In order to stabilize the bluff and ensure the drainage facility’s permanent reconstruction, Brookhaven Town replaced the ineffective gabion baskets, which are boxes or cylinders filled with rocks or concrete used for erosion control, with 7,325 square feet of epoxy-coated, steel sheet dividing wall for slope stability. Behind the steel sheet bulkhead, 2,364 cubic yards of heavy armor stone retaining wall was installed to protect the area from high storm surges, combined with wave action, or undermining, according to Losquadro. Erosion control and slope stability measures included native plantings, geotextile filter fabric coverings and geo-grid slope reinforcement solutions.

“Hurricane Sandy had such a devastating effect on so many communities across Brookhaven Town,” said town Councilwoman Jane Bonner (C-Rocky Point). “Superintendent Losquadro and the men and women of the highway department are still repairing the infrastructure damage nearly five years later, but we are very fortunate that Congressman Lee Zeldin has been so responsive to our need for repairs at Gully Landing Road and other locations in the town.”

The project was funded with a $1.4 million federal grant, secured by U.S. Rep. Lee Zeldin (R-Shirley) through the Federal Emergency Management Agency.

“This revitalization effort will go a long way to improve water quality while strengthening local infrastructure,”  said in a statement.

In addition to storm hardening the shoreline and reconstructing the drainage outfall, the town installed an upstream storm water treatment structure that’s 10 feet in diameter to properly treat storm water prior to its discharge into the Long Island Sound. This downstream defender reduces the environmental impact of storm water runoff from the 75-acre beachfront property that contributed to the pollution, by capturing contaminated sediment before it reaches the outfall. By installing these coastal hardening features, Brookhaven officials believe the town has prevented future damage to the slope, Gully Landing Road, the waterfront access, residential homes and the drainage system.

“The revitalization project at Gully Landing will not only help us from an erosion standpoint, but it will also assist in preventing pollution from storm water runoff,” Losquadro said. “We have successfully hardened our infrastructure to ensure we are less vulnerable to damage from future storms.”

He thanked Zeldin for expediting the federal funding necessary to complete the project and improve the resilience of the shoreline. Miller Place Park Homeowners Association Vice President Marc Mazza also thanked deputy highway superintendent Steve Tricarico for his involvement, and was glad to see the project come to fruition.

“Because of all the hard work and dedication, the Long Island Sound will be cleaner,” Mazza said. “The bluffs and the beach will remain secure and aesthetically pleasing for many years to come.”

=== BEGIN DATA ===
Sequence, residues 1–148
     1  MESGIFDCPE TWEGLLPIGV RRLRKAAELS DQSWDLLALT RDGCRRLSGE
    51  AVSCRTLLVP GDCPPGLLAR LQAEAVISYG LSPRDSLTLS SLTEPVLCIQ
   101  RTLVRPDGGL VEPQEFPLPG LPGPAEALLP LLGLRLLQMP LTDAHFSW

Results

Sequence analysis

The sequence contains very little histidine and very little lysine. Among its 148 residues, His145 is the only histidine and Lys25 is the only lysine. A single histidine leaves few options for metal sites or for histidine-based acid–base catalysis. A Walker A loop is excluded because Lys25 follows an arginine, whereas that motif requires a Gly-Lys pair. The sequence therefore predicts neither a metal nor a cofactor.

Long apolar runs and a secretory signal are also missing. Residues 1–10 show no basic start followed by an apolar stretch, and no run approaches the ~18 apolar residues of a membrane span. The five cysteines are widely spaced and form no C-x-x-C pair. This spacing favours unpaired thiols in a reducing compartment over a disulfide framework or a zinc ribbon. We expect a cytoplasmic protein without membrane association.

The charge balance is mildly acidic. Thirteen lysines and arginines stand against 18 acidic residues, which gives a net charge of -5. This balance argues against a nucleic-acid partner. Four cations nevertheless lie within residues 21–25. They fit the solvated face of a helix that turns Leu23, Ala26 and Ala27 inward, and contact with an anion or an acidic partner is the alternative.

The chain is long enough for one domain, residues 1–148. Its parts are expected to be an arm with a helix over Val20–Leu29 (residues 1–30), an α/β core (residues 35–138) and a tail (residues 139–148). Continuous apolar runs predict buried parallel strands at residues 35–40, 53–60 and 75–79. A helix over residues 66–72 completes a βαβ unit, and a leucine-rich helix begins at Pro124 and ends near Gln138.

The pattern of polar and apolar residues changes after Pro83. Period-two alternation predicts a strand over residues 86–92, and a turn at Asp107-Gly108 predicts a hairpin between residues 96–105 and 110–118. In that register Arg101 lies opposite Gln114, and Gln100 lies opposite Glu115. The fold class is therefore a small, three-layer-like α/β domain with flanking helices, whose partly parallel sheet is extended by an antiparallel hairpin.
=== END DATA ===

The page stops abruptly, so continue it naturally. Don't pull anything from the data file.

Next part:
Asharoken Village beach. File photo by Victoria Espinoza

Earlier this month, Asharoken officials voted to bring an end to the multiyear-long dune restoration project with the Army Corps of Engineers.

The village had been working with the Army Corps to create a proposal to replenish the community’s eroding beaches, but part of the plan included creating public access points at certain private properties, which many residents rejected.

Mayor Greg Letica wrote in a letter to residents that the decision to no longer go forward with the plan was a result of surveying residents and opinions from public hearings.

“I was not surprised by the outcome because this is what the residents wanted,” Letica said in a phone interview. “It was a combination of the public access points, the liability and the cost.”

According to Letica, residents would have been liable for any injuries or mishaps that happened when the public was on the shoreline of the property — if new public access points had been created.

The village would have been expected to pay 10.5 percent of the $21.5 million cost for the initial placement of sand, and then 15 percent of the future sand placement costs, which were left undefined.

Back in December, village officials looked over the results of a public survey where it was revealed 85 percent of the 427 surveyors were against moving forward with the plan. Ninety percent of the homeowners that own Long Island Sound beach property that responded were opposed. If the remaining homes on the Sound property all responded with approval of going ahead, opposition would still be at 73 percent. Half of the beach lot owners in Asharoken responded.

“The responding property owners sent a comprehensive, resounding, unambiguous and nearly unanimous message to the board of trustees — we do not want to do the ASDRP,” Letica said in the letter. “You were heard loud and clear.”

Village trustees said repeatedly during previous board meetings they wouldn’t approve a plan without resident approval, and Letica said he was grateful for resident participation throughout the process.

“I would like to sincerely compliment the residents of Asharoken for their participation in the process to help guide the board of trustees in their decision on the ASDRP,” he said. “You were engaged every step of the way, provided very helpful insight into aspects of the plan that otherwise may have gone unnoticed, communicated passionately to the board about how you felt, responded to the survey in very high numbers and provided polite, concise and clear comments at the public hearing. Everyone who took time to be involved in this historic decision should be proud of their efforts.”

The village originally entered an agreement with the Army Corps in 2001 to perform a Coastal Storm Risk Management Feasibility Study, but it did not obligate the village to move forward with any of the proposals suggested. The resolution was approved with a 4-0 vote, with Trustee Laura Burke being absent.